# Multiply two arrays element wise, where one of the arrays has arrays as elements

I have the following situation in which I want to multiply two arrays element wise, where one of the arrays has arrays as elements:

``````>>> import numpy as np
>>> base = np.array( [100., 111.,] )
>>> c = np.array( [9., 11.] )
>>> n0 = np.zeros(len(base))
>>> nn = 3 + n0     # This is the gist of a bunch of intermediate operations
>>> grid = [np.ones(i) for i in nn]
>>> base
array([ 100.,  111.])
>>> c
array([  9.,  11.])
>>> nn
array([ 3.,  3.])
>>> grid
[array([ 1.,  1.,  1.]), array([ 1.,  1.,  1.])]
``````

So far everything looks good. `grid` seems to have two elements, three elements long each. I feel I should be able to multiply it with `c`

``````>>> a = grid * c
Traceback (most recent call last):
File "<stdin>", line 1, in <module>
ValueError: operands could not be broadcast together with shapes (2,3) (2)
``````

That does not go as I had hoped for. The error is promising. I can do some transposition tricks and get my result:

a = (grid.T * c).T Traceback (most recent call last): File "", line 1, in AttributeError: 'list' object has no attribute 'T'

That fails more espectacularly than I expected. I thought I was working with an array, but I learn that I now have a list. I try my hand at some good old fashioned brute force:

``````>>> grid_mod = np.array( [np.ones(3), np.ones(3) ] )
>>> grid_mod
array([[ 1.,  1.,  1.],
[ 1.,  1.,  1.]])
>>> grid_mod * c
Traceback (most recent call last):
File "<stdin>", line 1, in <module>
ValueError: operands could not be broadcast together with shapes (2,3) (2)
``````

I was sure that would work! I notice an extraneous space after my last element, so I remove it:

``````>>> grid_mod2 = np.array( [np.ones(3), np.ones(7)] )
>>> grid_mod2
array([array([ 1.,  1.,  1.]), array([ 1.,  1.,  1.,  1.,  1.,  1.,  1.])], dtype=object)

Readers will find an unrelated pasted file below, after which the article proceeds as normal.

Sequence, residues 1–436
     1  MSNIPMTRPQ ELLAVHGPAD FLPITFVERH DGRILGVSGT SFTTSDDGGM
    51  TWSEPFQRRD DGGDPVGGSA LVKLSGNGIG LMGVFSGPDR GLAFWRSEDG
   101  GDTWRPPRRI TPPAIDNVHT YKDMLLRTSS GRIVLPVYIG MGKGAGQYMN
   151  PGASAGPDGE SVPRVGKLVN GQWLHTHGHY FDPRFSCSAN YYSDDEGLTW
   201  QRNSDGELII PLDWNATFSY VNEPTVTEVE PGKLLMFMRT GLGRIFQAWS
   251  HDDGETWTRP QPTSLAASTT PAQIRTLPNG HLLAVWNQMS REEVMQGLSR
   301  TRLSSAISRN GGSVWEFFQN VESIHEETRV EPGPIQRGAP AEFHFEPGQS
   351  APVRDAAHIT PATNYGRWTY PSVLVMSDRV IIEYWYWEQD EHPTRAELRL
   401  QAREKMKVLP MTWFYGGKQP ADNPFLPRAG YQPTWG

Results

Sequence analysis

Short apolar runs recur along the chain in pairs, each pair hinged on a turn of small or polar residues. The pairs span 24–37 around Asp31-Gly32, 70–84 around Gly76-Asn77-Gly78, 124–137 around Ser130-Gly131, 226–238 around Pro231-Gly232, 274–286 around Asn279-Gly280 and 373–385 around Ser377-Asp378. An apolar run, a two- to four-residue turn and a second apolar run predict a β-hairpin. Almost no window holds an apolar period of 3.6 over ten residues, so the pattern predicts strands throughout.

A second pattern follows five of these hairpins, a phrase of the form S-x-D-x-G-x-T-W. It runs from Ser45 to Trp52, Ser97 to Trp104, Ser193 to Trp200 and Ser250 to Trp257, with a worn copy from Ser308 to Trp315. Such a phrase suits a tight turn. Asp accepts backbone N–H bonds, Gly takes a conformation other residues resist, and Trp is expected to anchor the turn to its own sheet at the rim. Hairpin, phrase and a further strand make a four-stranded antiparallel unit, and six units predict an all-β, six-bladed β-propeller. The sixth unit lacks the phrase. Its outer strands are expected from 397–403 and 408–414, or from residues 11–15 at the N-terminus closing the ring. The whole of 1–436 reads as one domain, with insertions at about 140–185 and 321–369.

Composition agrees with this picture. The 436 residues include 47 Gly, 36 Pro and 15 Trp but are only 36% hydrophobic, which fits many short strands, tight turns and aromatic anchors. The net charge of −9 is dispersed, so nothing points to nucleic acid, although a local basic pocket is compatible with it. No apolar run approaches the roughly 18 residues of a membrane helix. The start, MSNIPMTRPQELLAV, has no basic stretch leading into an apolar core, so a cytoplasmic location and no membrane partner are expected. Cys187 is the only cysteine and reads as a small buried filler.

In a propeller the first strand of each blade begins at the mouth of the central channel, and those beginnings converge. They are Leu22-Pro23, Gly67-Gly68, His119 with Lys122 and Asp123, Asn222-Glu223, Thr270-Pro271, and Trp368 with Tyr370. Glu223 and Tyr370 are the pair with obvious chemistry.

>>> grid_mod2 * c
array([array([ 9.,  9.,  9.]),
array([ 11.,  11.,  11.,  11.,  11.,  11.,  11.])], dtype=object)
``````

That last one works as expected.

My questions are:

1. How can I define `grid` so that the result is an array of arrays instead of a list of arrays.
2. What is actually going on in all of this? Why does the extra space at the end of the array give me a completely different result.
• try to use `grid=np.vstack(grid)` and use the 2-D array `grid` Oct 29, 2013 at 15:59
• This still gives me a broadcasting error when I do the multiplication. Oct 29, 2013 at 17:28

These two pieces of code produce different things, although the space has no effect:

``````>>> np.array([np.ones(3), np.ones(3)])
array([[ 1.,  1.,  1.],
[ 1.,  1.,  1.]])
``````

Because both arrays in your list have the same dimension, this is converted into a single array of 2 rows and 3 columns.

``````>>> np.array([np.ones(3), np.ones(7)])
array([array([ 1.,  1.,  1.]), array([ 1.,  1.,  1.,  1.,  1.,  1.,  1.])], dtype=object)
``````

In this case, the lengths of the arrays do not match, so numpy creates a 1D array, two items long, of type `object` and each of those objects happens to be a numpy array.

When you multiply the first with `c`, you are trying to multiply an array of shape `(2, 3)` with an array of shape `(2,)`, something numpy does not know how to do. You could get what you want if you reshaped your `c` array to have shape `(2, 1)`, e.g.

``````>>> grid_mod * c[:, np.newaxis]
array([[  9.,   9.,   9.],
[ 11.,  11.,  11.]])
``````

When you multiply the second with `c`, you are trying to multiply two arrays of shape `(2,)`, so numpy does elementwise multiplication with no problems. And since each of the items of your array is itself an array, when you try to multiply it by a scalar, numpy also know how to do it. While this does work, it is much, much slower than the previous approach, about 100x for 10000 row arrays:

``````c = np.random.rand(10000)
a = np.random.rand(10000, 3)
b = np.empty((10000,), dtype=object)
for j in xrange(10000):
b[j] = a[j]

%timeit a*c[:, np.newaxis]
10000 loops, best of 3: 176 us per loop

%timeit b*c
10 loops, best of 3: 16.5 ms per loop
``````
• Thanks! This will hopefully do the trick for now. I read up a bit on `newaxis` and, while still fuzzy, it works for all cases I can think of right now. At this stage I am not looking at all into performance, but the performance difference between the two approaches is astounding. Thanks again! Oct 29, 2013 at 17:36